In fact, he was deeply controversial for interfering in Turkey's domestic affairs. So Eric Edelman is not the best person to lecture people about either how to encourage terrorists in Iraq or for that matter how to look after allies in the region.
OLBERMANN: The context of this, we learned this week from Thomas Ricks' remarkable report in The Washington Post that the Pentagon has been running war games on the Iraq pullout.
Is there an irony, do you think, to the fact that they are asking these very questions of themselves, and by extension from the Edelman letter is the Pentagon endorsing enemy propaganda?
WOLFFE: Well, the Pentagon is doing what it should be doing, which is contingency planning, otherwise why on earth does it have all those contingency planners?
And you know, in recent days, White House officials and defense officials have been quite willing to talk about these scenarios in the case of withdrawal because in their minds withdrawal would have to under fire, there would have to be significant force protection.
It seems to me that it is actually helpful - if you are in the minority of people who believe that the war is still worth fighting, then it is actually helpful to have a debate about what withdrawal looks like.
And of course, if you are for withdrawal, you should also be having that debate. So having a public discussion about this is to be encouraged.
OLBERMANN: Then what is the Edelman letter about? Is it as naked and as blunt a political hammer as it seems?
WOLFFE: It certainly sounds that way to me. I mean, the conflation of Vietnam, Somalia and Lebanon is so strange, you know, it offers a window into the mindset that all that matters when it comes to the exercise of power is the strength of the will of the leaders in America and American public opinion.
Those could not be three more different scenarios for a defense official, for someone engaged in policy to draw a comparison between something of the size of Vietnam and two peacekeeping humanitarian missions engaged under the strange rules of engagement, it's bewildering.
I think you have to look at it as a political effort by Edelman.
OLBERMANN: And it certainly is the loudest noise made in this area, but for days, possibly for weeks, there have been these murmurs and rumblings in places that this was the next political tactic to be taken by the administration, that it was time to get out the blame the critics, it's the antiwar faction's fault, if only they had not said what they said, did what they did, protested violations that they protested, this all would have gone well in Iraq. Is that what's actually happening here?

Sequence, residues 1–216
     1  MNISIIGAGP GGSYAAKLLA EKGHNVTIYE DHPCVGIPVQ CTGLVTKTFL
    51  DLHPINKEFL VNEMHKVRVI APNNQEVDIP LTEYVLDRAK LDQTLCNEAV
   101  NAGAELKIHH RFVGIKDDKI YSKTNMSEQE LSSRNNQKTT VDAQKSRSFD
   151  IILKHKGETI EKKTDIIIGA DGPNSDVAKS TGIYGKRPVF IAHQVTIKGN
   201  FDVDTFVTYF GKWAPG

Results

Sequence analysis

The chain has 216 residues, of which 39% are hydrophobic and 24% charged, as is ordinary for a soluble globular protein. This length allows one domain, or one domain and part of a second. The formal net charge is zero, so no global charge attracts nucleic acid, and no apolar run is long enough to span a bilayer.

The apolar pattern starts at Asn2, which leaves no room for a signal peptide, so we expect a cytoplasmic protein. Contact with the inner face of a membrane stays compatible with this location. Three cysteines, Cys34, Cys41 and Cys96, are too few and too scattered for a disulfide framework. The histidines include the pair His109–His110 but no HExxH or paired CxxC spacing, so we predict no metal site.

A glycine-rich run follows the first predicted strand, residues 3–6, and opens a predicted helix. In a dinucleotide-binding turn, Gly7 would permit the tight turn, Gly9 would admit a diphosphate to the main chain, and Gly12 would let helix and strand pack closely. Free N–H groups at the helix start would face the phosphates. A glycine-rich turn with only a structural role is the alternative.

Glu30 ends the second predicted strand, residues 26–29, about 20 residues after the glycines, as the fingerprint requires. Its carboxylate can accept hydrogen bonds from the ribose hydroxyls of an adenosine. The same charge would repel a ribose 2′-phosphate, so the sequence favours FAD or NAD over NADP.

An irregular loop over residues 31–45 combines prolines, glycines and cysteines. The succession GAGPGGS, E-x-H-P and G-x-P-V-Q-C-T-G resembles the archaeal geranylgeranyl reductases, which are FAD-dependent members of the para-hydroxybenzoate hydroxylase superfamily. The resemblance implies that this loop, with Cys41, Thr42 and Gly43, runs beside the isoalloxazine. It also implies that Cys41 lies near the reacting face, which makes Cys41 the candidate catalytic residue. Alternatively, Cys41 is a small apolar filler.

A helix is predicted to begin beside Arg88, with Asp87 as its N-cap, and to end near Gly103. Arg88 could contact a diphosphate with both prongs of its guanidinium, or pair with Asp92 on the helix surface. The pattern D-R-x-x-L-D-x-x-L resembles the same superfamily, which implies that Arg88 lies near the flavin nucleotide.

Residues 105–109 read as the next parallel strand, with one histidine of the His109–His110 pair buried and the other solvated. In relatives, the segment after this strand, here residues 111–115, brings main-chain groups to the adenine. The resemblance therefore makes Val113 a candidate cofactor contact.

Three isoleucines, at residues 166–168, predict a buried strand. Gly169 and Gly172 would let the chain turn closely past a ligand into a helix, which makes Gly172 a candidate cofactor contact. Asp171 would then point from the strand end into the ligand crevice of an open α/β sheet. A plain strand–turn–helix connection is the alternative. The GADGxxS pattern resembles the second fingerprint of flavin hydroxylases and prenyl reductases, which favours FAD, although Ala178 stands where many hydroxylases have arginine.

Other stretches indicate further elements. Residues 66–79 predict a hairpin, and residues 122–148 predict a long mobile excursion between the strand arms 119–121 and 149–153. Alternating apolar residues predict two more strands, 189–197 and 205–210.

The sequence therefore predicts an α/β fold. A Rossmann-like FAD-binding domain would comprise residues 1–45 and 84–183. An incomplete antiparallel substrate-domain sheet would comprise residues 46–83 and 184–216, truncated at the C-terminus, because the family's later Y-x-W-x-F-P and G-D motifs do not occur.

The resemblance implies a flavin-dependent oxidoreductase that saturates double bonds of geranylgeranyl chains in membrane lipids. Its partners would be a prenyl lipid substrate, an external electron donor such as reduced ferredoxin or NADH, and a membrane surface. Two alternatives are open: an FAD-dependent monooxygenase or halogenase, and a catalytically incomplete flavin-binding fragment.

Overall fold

WOLFFE: I think there are a number of people who believe in the war still, in the administration, who believe it can be salvaged but would like to set this up so that - look, they know in their hearts that calling the Democrats defeatists didn't work last time around but maybe if they hold out for the war, that after they leave office, if everything carries on this way, they can just blame it all on their successors.
That's what really they're teeing up here. It's not just about the election, it's the post-election.
OLBERMANN: But in the interim it works very nicely for the election, does it not? If you can tag - if Senator Clinton is the nominee and you can tag her with, she's one of the ones who cost us Iraq, that guess a long way next year in their eyes, at least, does it not?
WOLFFE: That's the Karl Rove playbook. But look how it played out in 2006. They tried to use the defeatist line and there are a number of Republicans out there who lost their seats because it just didn't work.
OLBERMANN: Yes. But as you know, anything untoward that the administration does, the conclusion is, we just didn't do enough untoward stuff. Richard Wolffe of MSNBC and Newsweek. As always, Richard, great thanks.
OLBERMANN: It gets creepier and creepier, the Bill O.'s sexual meltdown with his guest, Miss New Jersey. Oh boy.
And their dog ate, not their homework, but their cash. Now he's like a furry ATM, if you know what I mean. Next on Countdown.
OLBERMANN: On this day in 1990, baseball's all-time hit king, Pete Rose, was sentenced to five months in federal prison, not because he had cheated nor because he had bet on baseball, in fact not because he had gambled at all. They followed the money. They got him for tax evasion. Keep following the money in mind as we say let's keep playing "Oddball."